30 November 2011

Good-bye Barney Frank!

We won't be missing you anytime soon!
It is a newspaper truism that what is good for journalism is bad for the country, and vice versa. Let's just say that regarding the pending retirement of Congressman Barney Frank, we're delighted to make the professional sacrifice. Few House Members have made a bigger legislative mark, and arguably no one so expensively. Mr. Frank deserves to be forever remembered -- and we'll help everyone remember him -- as the nation's leading protector of Fannie Mae and Freddie Mac before their fall. For years Barney helped block meaningful reform of the mortgage giants while pushing an 'affordable housing' agenda that helped to enlarge the subprime mortgage industry. 'I do think I do not want the same kind of focus on safety and soundness that we have in OCC [Office of the Comptroller of the Currency] and OTS [Office of Thrift Supervision],' Mr. Frank said on September 25, 2003, in one of his many legendary rhetorical hits. 'I want to roll the dice a little bit more in this situation towards subsidized housing.' The dice came up snake-eyes for the housing market and U.S. economy. Democracy can be unfair, and for his sins Mr. Frank was rewarded with the chairmanship of the Financial Services Committee in 2009 and an opening to remake the U.S. financial industry. It was like asking Charlie Sheen to teach an anger management class. The result was Dodd-Frank, which didn't solve the 'too big to fail' problem but did make banks even more subject to the wishes of Washington. The crony capitalism exemplified by Fannie and Freddie became more broadly embedded in U.S. financial markets. ... Liberals who regret Mr. Frank's departure needn't worry too much. The next Democrat in line to run Financial Services is California's Maxine Waters, whose main contribution to Dodd-Frank was requiring racial-preference officers at each of the regional Federal Reserve banks. Journalists may not miss Mr. Frank after all. --"The Barney Frank Era", Wall Street Journal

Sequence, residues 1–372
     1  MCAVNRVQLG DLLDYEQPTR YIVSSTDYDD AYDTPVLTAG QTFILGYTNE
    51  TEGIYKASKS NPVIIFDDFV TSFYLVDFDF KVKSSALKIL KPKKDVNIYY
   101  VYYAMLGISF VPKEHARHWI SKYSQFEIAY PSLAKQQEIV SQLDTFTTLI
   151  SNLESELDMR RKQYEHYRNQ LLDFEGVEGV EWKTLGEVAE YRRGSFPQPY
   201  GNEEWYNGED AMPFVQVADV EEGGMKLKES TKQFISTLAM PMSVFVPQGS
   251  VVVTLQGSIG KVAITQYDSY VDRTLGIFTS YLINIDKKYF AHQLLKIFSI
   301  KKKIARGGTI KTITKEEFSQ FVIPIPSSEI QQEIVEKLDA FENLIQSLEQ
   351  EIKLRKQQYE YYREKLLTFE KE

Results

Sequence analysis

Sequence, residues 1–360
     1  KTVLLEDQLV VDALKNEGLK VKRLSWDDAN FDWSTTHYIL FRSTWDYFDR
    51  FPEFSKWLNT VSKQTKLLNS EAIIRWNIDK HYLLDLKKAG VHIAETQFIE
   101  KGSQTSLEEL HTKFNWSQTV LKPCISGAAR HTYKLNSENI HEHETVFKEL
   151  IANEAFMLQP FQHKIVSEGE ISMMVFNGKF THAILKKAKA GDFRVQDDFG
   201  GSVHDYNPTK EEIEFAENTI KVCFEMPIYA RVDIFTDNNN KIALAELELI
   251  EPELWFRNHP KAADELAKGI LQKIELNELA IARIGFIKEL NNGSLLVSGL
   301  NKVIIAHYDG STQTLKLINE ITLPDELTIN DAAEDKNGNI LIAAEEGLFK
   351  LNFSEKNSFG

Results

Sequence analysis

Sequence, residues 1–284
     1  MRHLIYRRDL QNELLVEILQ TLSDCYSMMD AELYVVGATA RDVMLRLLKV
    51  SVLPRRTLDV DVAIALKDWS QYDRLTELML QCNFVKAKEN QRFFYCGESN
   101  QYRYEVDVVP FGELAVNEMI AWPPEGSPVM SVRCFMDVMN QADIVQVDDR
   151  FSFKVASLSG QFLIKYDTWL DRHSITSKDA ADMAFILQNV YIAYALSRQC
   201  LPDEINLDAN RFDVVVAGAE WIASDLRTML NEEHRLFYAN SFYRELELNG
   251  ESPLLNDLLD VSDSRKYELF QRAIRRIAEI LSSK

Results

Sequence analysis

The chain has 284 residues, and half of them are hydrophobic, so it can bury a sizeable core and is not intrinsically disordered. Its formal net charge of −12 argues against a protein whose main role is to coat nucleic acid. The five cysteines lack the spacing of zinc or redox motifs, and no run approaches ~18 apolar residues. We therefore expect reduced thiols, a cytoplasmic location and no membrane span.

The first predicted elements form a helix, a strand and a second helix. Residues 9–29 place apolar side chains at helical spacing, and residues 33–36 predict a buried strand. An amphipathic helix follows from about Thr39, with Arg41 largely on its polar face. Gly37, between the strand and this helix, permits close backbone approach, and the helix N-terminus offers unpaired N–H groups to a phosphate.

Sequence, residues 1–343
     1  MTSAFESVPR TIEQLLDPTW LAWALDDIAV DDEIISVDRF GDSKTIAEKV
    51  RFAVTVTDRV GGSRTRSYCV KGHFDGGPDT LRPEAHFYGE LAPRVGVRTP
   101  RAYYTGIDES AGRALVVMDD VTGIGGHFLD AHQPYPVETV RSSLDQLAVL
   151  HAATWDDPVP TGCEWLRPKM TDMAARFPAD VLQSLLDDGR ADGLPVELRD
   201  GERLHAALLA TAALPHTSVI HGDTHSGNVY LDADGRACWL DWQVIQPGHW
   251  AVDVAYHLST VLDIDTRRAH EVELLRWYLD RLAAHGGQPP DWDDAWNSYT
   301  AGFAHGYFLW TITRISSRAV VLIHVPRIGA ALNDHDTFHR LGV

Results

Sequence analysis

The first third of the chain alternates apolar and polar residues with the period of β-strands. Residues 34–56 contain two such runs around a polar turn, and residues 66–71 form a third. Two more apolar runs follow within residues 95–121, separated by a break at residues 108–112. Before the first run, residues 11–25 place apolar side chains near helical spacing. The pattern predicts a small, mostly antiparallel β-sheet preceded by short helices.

Barney Frank: Good riddance (Washington Post)

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